Institutional Corruption and Election Fraud: Evidence from a Field Experiment in Afghanistan
Elections in developing countries commonly fail to deliver accountability because of manipulation, often involving collusion between corrupt election officials and political candidates. We report the results of an experimental evaluation of Quick Count Photo Capture—a monitoring technology designed to detect the illegal sale of votes by corrupt election officials to candidates—carried out in 471 polling centers across Afghanistan during the 2010 parliamentary elections. The intervention reduced vote counts by 25% for the candidate most likely to be buying votes and reduced the stealing of election materials by about 60%. Additionally, we investigate the role of corrupt institutions in facilitating election fraud by combining: (i) separate fraud measurements at three important stages of the election; (ii) rich data on the political connections of key parliamentary candidates; (iii) precise geographic coordinates of polling centers; and (iv) experimental variation from our evaluation. Interestingly, strong political candidates react to the intervention by substituting fraud spatially and weak candidates react by substituting temporally. We explain these results in the context of a theory of corrupt vote transactions in which the capacity of candidates to protect corrupt officials from prosecution determines equilibrium levels of spatial and temporal substitution. Video with author: Hear Michael Callen, discuss how smart phones may save elections.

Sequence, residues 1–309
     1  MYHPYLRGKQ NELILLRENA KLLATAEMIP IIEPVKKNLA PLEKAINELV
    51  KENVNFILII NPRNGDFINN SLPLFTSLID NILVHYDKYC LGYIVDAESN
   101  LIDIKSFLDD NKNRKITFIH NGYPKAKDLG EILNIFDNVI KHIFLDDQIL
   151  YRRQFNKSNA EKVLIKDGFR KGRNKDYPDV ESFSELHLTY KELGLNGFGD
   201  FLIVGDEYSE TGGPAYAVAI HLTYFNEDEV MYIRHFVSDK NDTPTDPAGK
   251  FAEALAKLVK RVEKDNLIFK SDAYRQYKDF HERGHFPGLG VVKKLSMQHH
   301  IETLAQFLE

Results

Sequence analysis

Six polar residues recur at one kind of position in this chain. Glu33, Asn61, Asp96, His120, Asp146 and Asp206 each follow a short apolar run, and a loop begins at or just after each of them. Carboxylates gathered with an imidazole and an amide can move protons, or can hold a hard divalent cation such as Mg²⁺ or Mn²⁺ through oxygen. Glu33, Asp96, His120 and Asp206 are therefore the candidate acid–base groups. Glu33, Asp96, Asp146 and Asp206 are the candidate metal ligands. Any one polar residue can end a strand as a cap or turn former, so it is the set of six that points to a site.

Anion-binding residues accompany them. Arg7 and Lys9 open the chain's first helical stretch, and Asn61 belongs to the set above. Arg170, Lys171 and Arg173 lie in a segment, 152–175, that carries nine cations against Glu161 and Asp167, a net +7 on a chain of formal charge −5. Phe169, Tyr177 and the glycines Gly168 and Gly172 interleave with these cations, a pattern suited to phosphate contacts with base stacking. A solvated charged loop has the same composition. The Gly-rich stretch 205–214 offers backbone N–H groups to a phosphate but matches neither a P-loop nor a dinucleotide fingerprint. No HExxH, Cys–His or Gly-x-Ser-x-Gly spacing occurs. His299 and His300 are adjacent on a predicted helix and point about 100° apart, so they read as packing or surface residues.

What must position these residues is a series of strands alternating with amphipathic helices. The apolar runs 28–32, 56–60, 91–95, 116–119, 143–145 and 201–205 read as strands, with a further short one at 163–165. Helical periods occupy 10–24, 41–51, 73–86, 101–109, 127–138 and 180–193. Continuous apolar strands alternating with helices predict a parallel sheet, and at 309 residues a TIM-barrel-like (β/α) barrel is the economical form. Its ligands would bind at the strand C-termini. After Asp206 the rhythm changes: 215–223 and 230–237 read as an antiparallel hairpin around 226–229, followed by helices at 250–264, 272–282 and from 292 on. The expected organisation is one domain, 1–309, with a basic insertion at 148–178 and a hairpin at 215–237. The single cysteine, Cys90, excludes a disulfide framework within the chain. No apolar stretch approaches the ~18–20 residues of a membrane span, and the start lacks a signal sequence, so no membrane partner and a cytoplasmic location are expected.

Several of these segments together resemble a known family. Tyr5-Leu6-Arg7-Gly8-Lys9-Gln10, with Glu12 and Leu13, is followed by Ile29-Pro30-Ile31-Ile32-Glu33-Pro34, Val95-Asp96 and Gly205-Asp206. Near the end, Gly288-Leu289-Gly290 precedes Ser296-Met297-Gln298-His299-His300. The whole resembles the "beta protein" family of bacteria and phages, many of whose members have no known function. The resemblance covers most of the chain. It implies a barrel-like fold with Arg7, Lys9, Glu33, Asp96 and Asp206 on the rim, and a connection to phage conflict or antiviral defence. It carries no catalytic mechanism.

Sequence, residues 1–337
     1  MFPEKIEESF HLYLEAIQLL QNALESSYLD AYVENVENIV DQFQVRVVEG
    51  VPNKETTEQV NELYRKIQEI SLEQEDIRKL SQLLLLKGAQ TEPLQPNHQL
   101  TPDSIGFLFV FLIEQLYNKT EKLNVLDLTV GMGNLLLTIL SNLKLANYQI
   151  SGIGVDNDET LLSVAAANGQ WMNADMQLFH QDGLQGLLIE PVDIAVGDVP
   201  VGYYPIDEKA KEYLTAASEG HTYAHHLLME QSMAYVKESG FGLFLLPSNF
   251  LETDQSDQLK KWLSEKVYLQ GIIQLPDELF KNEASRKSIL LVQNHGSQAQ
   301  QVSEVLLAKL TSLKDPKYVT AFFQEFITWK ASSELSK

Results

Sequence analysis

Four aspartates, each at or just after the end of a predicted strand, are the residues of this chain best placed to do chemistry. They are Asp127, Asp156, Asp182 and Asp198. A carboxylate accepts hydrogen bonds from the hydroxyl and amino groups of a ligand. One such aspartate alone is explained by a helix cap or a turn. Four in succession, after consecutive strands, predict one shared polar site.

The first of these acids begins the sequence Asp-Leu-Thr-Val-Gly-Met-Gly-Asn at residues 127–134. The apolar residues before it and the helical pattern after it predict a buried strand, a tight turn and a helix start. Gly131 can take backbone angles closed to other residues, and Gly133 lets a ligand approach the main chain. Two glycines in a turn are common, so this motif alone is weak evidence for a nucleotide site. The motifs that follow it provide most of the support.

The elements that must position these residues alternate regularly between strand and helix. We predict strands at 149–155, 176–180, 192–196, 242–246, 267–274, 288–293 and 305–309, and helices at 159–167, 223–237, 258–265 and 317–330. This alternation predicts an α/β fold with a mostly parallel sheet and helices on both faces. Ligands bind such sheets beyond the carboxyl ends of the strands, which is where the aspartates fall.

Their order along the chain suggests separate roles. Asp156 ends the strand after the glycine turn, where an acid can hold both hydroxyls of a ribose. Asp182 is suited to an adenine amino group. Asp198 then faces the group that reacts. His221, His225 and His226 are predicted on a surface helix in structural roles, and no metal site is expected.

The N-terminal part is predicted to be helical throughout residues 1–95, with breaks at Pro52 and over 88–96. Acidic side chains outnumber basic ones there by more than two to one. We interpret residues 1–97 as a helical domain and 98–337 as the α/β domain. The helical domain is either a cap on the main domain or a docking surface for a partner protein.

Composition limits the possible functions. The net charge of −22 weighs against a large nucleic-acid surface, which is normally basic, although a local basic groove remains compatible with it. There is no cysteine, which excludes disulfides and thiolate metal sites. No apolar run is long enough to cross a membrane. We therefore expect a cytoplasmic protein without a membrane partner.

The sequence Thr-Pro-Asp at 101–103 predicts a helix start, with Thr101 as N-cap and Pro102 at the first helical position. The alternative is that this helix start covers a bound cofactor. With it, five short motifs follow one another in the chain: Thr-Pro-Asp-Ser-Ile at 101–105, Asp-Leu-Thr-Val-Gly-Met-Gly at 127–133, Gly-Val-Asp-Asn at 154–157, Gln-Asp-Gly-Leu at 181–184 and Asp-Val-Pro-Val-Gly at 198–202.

Callen, Michael, and James D. Long. 2015. "Institutional Corruption and Election Fraud: Evidence from a Field Experiment in Afghanistan." American Economic Review, 105 (1): 354-81.